Retirees Association

DDN: Local poet’s words make a permanent mark

Excerpt from the Dayton Daily News

Most all of us have written, at one time or another, on the sidewalk.

And we’ve heard about, or visited, the Dayton Regional Walk of Fame and the Hollywood Walk of Fame, each with sidewalk pavers that memorialize accomplished individuals.

Now, a local poet, David Lee Garrison, will have his work memorialized in a unique literary project in Youngstown, Ohio.

“Just recently I was notified that the first stanza of my poem, “Chant of Change” will be stamped into a sidewalk in Youngstown as part of the city’s public poetry project,” David shares.

Lit Youngstown ( is a literary arts non-profit founded in 2015 to celebrate and support the literary arts.

Its “Words Made Visible Sidewalk Project” stamps the words of writers from their excerpted works. (Learn more at

Though the opening stanza alone will be stamped in the Youngstown sidewalk, David shares, with permission his poem in its entirety. It is particularly appropriate for this time of year.

Chant of Change, by David Lee Garrison

Set the clock one hour ahead
and that vague redness
of budding trees glows
against the blue air.
The first warm day
flies out of its nest
and perches inside you,
pecks at your heart.
Turn the clock back an hour
and lose in one day
all the light you saved.
Morning air is lake water.
The wind’s sharpened edge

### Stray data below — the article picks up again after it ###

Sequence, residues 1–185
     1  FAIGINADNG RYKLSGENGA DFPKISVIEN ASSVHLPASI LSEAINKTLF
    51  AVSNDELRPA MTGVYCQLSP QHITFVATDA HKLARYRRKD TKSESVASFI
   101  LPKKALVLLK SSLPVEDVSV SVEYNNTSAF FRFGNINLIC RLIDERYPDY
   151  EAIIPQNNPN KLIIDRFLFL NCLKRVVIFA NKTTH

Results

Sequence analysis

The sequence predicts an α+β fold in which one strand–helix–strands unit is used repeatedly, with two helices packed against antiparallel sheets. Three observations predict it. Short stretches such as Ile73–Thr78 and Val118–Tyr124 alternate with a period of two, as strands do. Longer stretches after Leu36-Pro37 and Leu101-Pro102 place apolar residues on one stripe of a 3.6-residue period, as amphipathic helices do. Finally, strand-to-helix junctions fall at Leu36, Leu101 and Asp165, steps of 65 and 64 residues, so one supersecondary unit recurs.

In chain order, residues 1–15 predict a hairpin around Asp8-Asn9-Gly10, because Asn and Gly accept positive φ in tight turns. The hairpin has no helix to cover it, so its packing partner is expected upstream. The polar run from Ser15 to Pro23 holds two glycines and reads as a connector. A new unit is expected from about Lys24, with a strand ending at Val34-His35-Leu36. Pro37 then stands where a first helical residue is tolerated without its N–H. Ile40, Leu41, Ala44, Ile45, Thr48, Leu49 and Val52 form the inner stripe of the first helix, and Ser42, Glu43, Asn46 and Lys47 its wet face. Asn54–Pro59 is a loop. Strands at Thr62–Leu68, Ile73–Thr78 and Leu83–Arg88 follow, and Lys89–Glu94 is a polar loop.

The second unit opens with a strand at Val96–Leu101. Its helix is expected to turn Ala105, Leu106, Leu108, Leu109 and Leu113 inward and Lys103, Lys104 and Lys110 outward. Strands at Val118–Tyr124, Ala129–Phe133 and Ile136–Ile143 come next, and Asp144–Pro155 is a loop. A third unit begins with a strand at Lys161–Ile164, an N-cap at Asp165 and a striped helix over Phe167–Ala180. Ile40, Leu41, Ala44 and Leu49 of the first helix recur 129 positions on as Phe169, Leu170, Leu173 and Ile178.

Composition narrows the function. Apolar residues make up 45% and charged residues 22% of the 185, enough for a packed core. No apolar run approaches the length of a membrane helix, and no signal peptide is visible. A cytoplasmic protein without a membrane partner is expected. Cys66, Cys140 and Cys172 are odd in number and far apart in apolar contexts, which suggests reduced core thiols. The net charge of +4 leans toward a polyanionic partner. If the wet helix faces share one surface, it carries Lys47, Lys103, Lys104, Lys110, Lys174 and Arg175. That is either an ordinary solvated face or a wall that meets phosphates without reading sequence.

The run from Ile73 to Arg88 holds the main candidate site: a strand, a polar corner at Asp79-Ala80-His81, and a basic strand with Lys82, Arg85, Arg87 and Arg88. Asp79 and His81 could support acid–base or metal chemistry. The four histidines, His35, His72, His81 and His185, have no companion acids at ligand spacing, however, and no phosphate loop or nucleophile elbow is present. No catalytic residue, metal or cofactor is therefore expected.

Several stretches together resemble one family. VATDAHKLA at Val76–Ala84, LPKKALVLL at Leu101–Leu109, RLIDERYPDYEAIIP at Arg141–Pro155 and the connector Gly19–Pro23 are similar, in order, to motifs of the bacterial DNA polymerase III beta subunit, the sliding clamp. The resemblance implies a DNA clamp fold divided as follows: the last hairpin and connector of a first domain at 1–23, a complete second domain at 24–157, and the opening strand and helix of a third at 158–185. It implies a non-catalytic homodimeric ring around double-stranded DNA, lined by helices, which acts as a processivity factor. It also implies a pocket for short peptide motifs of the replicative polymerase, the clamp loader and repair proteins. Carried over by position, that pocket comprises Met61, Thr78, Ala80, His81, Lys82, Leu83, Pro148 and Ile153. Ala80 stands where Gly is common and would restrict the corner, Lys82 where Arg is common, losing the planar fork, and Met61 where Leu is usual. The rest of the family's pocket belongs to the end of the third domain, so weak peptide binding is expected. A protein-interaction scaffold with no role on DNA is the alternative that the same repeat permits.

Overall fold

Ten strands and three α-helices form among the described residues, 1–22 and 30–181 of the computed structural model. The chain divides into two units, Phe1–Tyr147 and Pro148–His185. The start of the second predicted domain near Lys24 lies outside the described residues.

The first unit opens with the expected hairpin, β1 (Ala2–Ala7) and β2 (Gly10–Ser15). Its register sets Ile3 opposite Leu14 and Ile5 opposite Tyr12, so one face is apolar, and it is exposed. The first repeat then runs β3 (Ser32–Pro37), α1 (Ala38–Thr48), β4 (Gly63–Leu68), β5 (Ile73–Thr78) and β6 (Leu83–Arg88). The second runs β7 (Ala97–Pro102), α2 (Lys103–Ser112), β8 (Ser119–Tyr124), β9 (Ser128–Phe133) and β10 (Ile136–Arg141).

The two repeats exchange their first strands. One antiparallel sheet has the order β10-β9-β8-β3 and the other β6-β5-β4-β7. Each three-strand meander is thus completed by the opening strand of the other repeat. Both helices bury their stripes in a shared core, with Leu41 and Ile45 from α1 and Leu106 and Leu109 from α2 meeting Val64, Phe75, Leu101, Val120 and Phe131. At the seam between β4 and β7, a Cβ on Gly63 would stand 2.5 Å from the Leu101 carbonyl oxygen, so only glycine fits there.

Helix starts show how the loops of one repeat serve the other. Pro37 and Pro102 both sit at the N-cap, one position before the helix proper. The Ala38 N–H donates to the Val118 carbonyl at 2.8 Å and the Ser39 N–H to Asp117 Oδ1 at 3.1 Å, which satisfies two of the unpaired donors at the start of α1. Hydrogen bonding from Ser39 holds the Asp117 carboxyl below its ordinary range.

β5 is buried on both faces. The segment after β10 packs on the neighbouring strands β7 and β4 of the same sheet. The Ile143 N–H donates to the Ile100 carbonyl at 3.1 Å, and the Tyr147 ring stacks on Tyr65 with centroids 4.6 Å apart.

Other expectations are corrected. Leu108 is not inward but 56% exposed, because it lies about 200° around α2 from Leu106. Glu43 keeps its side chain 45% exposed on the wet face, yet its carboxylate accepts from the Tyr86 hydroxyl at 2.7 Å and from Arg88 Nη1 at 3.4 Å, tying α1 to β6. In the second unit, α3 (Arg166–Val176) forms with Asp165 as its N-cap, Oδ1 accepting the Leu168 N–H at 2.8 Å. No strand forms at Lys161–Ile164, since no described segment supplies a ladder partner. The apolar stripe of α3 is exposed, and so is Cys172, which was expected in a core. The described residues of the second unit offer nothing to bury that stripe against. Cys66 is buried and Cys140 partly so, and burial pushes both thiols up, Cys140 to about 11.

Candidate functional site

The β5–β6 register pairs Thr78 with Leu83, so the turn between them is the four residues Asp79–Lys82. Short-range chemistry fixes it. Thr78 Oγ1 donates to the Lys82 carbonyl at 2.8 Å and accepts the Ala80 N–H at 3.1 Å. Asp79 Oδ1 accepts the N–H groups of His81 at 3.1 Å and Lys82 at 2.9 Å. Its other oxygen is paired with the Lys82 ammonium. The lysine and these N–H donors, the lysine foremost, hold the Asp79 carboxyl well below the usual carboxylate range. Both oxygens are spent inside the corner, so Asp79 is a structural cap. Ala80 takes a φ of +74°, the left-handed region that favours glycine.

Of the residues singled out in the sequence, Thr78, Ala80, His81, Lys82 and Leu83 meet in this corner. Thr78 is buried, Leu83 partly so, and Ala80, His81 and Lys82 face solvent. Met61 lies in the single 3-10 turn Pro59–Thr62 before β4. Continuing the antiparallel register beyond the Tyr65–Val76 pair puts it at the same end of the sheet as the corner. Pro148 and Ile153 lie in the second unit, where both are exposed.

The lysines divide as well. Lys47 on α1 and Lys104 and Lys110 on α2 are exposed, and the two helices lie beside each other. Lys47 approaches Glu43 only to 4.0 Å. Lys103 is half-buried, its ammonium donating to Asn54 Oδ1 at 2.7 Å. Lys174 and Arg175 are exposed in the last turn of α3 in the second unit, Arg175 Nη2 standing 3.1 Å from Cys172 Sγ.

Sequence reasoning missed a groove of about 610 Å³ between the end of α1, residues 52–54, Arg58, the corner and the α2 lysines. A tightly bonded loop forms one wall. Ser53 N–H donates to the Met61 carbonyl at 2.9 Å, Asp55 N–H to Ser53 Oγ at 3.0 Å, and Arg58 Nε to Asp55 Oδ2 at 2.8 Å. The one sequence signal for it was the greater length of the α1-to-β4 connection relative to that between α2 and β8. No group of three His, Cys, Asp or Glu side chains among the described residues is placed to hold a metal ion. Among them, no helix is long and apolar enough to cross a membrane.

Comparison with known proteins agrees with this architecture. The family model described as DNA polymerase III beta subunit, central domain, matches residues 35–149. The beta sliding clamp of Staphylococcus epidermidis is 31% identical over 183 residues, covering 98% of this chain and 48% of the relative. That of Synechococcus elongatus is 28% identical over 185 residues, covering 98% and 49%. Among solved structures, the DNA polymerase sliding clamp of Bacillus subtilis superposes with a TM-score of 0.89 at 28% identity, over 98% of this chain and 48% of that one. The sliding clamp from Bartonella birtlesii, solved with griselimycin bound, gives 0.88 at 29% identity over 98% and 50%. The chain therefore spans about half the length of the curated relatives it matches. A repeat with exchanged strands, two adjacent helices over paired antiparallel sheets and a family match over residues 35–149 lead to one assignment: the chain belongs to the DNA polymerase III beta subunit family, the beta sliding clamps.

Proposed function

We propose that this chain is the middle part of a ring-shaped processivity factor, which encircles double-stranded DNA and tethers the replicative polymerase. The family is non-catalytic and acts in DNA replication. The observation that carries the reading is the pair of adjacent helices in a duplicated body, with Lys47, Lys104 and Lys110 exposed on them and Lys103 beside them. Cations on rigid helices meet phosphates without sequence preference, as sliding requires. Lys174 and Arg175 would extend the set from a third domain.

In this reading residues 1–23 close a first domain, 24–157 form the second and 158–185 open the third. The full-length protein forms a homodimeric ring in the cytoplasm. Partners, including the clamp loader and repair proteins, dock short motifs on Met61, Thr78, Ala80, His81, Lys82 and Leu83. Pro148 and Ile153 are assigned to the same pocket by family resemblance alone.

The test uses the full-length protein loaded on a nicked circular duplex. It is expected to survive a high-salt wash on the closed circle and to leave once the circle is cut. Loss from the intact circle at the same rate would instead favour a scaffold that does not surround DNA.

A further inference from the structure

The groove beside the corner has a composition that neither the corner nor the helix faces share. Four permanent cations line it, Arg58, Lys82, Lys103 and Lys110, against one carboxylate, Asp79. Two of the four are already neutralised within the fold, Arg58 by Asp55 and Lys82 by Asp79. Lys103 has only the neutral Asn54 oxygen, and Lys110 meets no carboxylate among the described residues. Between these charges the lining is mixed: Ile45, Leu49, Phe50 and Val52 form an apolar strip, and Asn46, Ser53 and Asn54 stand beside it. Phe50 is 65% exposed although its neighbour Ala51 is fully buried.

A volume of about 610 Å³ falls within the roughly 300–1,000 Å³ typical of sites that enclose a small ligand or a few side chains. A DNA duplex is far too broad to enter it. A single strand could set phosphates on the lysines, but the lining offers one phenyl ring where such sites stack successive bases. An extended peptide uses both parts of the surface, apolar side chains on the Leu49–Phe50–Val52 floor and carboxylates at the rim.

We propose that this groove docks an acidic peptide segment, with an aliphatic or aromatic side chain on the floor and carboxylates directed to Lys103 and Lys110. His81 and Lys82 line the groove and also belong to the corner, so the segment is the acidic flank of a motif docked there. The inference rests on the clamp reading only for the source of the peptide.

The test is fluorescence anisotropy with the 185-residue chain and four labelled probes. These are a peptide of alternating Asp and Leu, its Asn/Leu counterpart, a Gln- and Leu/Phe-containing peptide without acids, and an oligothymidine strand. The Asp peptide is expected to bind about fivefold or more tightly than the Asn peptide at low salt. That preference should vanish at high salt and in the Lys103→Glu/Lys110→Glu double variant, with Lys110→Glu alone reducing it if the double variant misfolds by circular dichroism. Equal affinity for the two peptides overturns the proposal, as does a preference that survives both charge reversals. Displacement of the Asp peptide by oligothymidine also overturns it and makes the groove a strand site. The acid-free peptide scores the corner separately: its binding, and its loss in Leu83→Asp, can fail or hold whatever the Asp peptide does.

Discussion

cuts you open as you cling
to branches, and with their reds
and yellows you fall into winter.
Spring forward, fall back.
The saying that reminds you
not to take root,
the command — like the echo
of a jump rope chant —
to keep on living
and dying. It tells you
what you will do, want to or not:
swim against the current
and drift back, back.

David’s poem is from his collection, “Sweeping the Cemetery,” published by Browser Books. (Though the book has sold out at his publisher, it is still available via and other online publishers.)

The Ohio Poetry Day Association named David, Wright State University Professor Emeritus in Modern Languages, as one of two Ohio Poets of the Year in 2014 in honor of his recent book “Playing Bach in the D.C. Metro.” The title poem from “Playing Bach in the D.C. Metro” was featured by Poet Laureate Ted Kooser on his website, “American Life in Poetry,” and other poems by David Lee Garrison have been read by Garrison Keillor on his radio program, “The Writer’s Almanac.”

His newest poetry collection is “Carpeing the Diem: Poems about High School.” More information about this book may be found at his publisher’s website,